Cobalt mining has been in the news again recently, with investigations into some of the shocking conditions of Cobalt miners in the Congo making headlines. Cobalt is a key material in the production of Lithium-ion batteries, which in turn underpin many of the advances in technology made over the last few years. The supply chain for Lithium-ion batteries is long and complex, with cobalt originating in the Congo passing through other African countries on its way to China to be incorporated into the batteries, before heading on to technology assembly lines.
With Cobalt in the headlines journalists have been quizzing big tech companies on where their Cobalt comes from and not all the answers have been very good. Investigations are required to work out where the Cobalt in consumer devices actually comes from & promises on worker conditions have been made, all costly and time consuming activities.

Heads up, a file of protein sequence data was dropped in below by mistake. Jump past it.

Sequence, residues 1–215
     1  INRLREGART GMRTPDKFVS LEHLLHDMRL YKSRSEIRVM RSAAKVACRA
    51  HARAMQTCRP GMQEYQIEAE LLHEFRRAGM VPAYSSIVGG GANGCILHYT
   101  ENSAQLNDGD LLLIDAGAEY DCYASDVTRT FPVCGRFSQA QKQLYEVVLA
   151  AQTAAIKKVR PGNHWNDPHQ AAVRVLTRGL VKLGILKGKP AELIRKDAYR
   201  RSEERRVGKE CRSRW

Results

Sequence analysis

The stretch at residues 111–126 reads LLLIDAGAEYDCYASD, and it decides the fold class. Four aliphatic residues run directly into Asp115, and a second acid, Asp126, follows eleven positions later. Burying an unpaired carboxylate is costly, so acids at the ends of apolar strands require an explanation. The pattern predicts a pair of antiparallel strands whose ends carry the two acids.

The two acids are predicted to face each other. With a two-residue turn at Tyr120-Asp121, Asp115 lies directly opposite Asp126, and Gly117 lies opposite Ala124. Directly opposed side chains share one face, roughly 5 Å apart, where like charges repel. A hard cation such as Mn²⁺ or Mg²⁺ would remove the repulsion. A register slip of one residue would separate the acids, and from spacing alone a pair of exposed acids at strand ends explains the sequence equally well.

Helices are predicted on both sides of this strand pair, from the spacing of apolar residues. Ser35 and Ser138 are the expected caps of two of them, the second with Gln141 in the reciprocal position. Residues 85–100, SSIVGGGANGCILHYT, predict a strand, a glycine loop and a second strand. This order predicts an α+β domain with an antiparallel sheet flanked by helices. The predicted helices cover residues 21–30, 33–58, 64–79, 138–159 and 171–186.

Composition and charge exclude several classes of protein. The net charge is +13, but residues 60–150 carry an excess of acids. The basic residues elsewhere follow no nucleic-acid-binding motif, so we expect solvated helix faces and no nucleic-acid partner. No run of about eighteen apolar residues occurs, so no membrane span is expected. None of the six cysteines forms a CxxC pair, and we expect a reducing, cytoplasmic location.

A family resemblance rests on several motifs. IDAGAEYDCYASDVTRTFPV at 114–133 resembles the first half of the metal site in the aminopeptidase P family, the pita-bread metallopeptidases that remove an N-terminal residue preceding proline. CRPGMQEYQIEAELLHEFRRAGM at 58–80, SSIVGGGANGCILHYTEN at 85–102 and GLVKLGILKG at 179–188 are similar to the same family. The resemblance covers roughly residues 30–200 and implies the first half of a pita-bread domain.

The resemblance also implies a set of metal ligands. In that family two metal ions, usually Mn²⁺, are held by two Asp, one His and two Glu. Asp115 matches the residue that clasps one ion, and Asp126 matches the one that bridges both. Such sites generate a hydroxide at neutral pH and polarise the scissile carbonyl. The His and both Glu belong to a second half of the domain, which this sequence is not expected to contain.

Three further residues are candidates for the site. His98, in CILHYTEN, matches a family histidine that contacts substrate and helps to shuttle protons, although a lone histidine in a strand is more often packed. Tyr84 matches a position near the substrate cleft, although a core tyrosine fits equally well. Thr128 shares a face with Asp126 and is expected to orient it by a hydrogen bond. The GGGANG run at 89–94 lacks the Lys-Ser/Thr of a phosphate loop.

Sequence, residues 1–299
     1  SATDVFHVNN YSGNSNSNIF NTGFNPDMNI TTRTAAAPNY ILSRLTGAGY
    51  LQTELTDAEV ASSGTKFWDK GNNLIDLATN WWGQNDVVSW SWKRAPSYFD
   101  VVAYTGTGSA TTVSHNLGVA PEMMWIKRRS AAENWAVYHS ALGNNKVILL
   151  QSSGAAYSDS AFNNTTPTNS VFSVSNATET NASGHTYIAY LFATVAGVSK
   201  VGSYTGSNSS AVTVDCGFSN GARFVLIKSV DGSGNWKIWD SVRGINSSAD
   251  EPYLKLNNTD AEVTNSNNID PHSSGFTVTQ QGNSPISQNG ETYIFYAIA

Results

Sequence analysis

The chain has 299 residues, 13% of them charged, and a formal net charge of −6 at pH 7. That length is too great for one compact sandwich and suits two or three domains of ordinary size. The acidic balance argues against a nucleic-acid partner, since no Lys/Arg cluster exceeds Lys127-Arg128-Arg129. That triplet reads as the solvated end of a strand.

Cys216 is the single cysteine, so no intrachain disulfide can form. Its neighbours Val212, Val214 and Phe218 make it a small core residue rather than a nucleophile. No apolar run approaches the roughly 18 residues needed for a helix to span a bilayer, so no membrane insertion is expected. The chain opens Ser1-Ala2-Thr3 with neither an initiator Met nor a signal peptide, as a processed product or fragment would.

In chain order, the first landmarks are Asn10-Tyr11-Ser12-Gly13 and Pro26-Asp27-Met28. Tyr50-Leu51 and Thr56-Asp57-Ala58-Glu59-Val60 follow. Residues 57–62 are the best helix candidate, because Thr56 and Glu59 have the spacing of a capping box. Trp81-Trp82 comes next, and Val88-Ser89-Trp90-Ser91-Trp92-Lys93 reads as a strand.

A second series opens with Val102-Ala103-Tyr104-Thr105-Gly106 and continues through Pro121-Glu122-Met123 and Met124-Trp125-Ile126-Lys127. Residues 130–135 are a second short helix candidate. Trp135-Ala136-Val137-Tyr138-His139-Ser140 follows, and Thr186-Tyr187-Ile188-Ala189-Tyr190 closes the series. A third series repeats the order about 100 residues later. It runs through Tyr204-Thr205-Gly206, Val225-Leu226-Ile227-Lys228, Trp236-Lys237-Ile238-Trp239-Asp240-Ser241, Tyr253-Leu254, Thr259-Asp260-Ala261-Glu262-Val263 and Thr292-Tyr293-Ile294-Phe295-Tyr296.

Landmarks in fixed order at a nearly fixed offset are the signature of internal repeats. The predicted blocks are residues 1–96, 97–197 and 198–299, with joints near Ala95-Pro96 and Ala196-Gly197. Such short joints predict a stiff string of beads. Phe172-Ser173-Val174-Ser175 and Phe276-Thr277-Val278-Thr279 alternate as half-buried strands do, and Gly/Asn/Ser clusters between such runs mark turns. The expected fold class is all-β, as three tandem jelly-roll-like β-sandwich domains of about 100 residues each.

Supply chain management may not be top of the priority list for start-ups struggling to grow and survive, but not knowing the details of where your materials come from creates a real risk of future embarrassment and brand damage.
But how such serious problems could persist for so long — despite frequent warning signs — illustrates what can happen in hard-to-decipher supply chains when they are mostly unregulated, low price is paramount and the trouble occurs in a distant, tumultuous part of the world.